In addition, no claim can be made by anyone for money to pay the balance of the debt (which becomes unsecured the moment the notice of rescission is mailed) unless compliance is complete — return of note, filing satisfaction mortgage and return of money to the borrower.
I therefore conclude that there is nothing illegal about sending a notice of rescission on any existing loan (i.e., existing legally, having not been previously canceled by a notice of rescission). And since both the statute and the US Supreme Court both say that the sending of the notice of rescission or cancellation is effective by operation of law upon dropping a letter into a mailbox, then any loan could be subject to a notice of rescission (although I expect that some changes are being sought by banks to prevent the “abuse” of the TILA rescission).
Accordingly in my opinion, anyone who has an arguable problem with their loan origination should be able to send a notice of rescission and simply wait for 20 days, or perhaps a few more for mailing, to see if anyone sues them challenging the rescission. If they don’t sue, then there is nothing to prevent the borrower from seeking to enforce the rescission which was effective when they dropped it in the mail.
And I think that anyone who has a copy of such a rescission notice but doesn’t have either a return receipt or a response from the “lender” showing that it was received can nonetheless seek enforcement of that rescission, which was effective whenever they say it was mailed, whether dated or not. Testimony from the borrower that it was sent on, for example, October 1, 2009 is sufficient.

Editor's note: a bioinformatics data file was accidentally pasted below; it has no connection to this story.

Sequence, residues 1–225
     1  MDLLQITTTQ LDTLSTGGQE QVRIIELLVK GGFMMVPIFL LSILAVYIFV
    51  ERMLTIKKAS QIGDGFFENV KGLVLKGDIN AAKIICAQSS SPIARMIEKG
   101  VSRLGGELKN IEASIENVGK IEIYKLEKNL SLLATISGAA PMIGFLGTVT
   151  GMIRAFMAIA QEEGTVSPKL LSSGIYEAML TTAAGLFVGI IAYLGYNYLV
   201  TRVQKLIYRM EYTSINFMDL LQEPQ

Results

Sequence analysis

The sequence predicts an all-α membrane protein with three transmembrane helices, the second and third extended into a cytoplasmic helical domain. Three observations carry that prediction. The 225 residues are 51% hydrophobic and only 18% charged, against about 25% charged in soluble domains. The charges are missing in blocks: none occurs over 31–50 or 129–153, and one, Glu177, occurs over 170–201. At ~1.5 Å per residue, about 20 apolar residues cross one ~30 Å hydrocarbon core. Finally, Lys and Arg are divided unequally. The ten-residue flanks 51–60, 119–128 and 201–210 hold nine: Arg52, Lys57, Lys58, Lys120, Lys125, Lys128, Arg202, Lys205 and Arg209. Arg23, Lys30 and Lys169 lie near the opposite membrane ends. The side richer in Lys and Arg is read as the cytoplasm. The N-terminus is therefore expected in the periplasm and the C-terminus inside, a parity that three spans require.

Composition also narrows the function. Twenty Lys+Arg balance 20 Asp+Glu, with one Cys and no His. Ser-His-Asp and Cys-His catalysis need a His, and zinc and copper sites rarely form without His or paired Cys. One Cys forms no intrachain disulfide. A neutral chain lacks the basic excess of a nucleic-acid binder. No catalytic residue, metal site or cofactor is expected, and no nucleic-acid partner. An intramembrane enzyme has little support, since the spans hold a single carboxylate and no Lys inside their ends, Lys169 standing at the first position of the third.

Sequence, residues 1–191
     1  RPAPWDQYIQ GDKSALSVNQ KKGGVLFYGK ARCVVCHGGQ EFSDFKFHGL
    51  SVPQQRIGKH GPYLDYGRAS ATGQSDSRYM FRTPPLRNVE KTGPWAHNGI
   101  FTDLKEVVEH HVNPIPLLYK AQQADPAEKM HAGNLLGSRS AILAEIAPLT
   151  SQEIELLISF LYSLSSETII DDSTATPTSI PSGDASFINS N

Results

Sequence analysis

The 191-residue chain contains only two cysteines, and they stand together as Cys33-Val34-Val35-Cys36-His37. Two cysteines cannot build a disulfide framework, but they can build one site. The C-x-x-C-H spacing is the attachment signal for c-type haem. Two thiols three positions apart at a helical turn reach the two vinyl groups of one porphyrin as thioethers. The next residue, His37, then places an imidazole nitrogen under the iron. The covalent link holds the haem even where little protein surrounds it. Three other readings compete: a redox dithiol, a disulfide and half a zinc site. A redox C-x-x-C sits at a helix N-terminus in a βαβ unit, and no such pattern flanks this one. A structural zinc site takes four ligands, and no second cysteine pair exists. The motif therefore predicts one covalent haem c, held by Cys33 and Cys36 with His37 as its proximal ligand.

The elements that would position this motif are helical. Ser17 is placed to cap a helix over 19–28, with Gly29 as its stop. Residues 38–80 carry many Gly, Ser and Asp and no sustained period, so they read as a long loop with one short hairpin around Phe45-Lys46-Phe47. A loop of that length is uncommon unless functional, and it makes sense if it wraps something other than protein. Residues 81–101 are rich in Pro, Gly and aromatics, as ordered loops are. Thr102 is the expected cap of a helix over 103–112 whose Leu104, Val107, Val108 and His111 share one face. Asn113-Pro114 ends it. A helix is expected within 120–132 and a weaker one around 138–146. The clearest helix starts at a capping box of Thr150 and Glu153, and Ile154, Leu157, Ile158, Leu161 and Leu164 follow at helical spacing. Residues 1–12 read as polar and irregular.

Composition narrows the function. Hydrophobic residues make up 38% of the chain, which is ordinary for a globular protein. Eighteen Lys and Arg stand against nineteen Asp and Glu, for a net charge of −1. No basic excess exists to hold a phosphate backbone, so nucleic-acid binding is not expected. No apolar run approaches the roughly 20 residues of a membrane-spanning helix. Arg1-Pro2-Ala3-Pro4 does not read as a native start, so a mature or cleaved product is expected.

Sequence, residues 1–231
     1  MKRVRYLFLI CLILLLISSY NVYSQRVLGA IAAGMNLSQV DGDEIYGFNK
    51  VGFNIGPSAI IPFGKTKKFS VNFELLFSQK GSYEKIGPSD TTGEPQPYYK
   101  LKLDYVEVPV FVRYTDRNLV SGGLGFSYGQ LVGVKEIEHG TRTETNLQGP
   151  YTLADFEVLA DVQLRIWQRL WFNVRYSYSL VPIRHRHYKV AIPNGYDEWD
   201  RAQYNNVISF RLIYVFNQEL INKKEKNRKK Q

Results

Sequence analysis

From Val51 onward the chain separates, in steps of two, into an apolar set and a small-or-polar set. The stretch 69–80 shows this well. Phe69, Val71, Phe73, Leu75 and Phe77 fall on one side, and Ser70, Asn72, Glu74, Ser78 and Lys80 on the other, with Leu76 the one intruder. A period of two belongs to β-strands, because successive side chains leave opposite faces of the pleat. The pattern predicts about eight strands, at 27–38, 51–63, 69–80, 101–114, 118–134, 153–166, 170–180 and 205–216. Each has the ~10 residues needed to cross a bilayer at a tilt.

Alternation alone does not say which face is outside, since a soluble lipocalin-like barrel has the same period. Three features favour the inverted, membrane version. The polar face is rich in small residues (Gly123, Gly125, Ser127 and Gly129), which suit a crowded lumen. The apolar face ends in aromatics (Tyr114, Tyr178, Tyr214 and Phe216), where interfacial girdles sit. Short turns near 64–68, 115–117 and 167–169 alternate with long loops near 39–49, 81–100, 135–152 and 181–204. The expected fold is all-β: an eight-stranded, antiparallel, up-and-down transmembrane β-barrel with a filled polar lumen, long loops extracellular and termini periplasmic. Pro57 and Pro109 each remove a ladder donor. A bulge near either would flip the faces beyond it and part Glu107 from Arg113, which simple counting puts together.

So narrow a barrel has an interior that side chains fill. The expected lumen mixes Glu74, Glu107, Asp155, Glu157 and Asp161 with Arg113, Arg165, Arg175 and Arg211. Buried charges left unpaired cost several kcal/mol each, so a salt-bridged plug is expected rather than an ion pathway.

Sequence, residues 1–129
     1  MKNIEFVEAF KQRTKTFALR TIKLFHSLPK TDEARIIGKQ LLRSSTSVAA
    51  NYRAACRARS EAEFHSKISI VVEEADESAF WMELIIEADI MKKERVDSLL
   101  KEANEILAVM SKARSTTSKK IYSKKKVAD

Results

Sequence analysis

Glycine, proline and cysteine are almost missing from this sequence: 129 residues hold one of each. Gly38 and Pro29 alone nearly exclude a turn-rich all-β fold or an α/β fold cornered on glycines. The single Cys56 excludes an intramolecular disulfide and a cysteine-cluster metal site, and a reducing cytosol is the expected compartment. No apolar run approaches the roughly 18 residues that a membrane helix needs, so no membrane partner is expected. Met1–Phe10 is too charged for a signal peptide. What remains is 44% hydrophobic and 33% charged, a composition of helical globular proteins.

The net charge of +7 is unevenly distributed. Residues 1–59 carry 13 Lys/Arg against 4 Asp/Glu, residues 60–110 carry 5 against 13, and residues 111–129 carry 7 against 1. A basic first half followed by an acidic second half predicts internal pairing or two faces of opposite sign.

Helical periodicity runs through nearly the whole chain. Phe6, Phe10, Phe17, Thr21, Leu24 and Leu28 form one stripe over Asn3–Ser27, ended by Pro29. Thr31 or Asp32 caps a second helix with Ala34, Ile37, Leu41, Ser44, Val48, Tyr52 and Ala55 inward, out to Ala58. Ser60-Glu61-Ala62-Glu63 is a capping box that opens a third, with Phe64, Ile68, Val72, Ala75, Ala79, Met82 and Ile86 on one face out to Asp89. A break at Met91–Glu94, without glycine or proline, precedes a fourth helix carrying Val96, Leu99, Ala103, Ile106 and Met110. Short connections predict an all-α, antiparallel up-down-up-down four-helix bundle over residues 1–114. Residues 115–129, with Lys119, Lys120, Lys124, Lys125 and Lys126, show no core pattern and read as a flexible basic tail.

If the defense is that the notice of rescission or notice cancellation (SAME THING) was never received, the Bank is going to be required to prove that it was not received because of the presumption of notice upon mailing. Given the horrible record-keeping and fabrication of records that the Banks have established, the credibility of the Banks is not likely to carry the day.
In summary I think that any claim that any rescission notice is invalid can ONLY be brought in the 20 window. Any other interpretation would violate the expressed opinion by the US Supreme Court and TILA and Reg Z that “nothing further is required” from the borrower. The notice is simply effective when sent. If anyone wants to contest that, they have a short window in which to do it. I have no doubt that the Banks will defend TILA rescission enforcement actions with defenses that essentially say that the notice of void on its face for one reason or another. My point is that whatever is their point of defense is barred if they did not file the required challenge during heir window of opportunity.
Remember that issue as to the date of consummation, the statutes of limitations, the disclosures that were made are all issues predicated upon real facts and legal interpretation. TILA rescission was written so that a borrower could cancel a loan without a lawyer. That much is true. But it is obvious that the banks are not going to comply with TILA rescission requirements and that enforcement actions will be required on behalf of borrowers. Judges tend to hate TILA and they hate TILA rescission even more. But there really is no discretion and no jurisdiction here unless some Judge thinks he or she can overrule the US Supreme Court. Based upon the US Constitution, that could only work in some other country with a different law of the land.
My best guess is that the right to rescind is going to get more narrow as time goes by rather than broadening. I don’t think we will see the door open this wide ever again.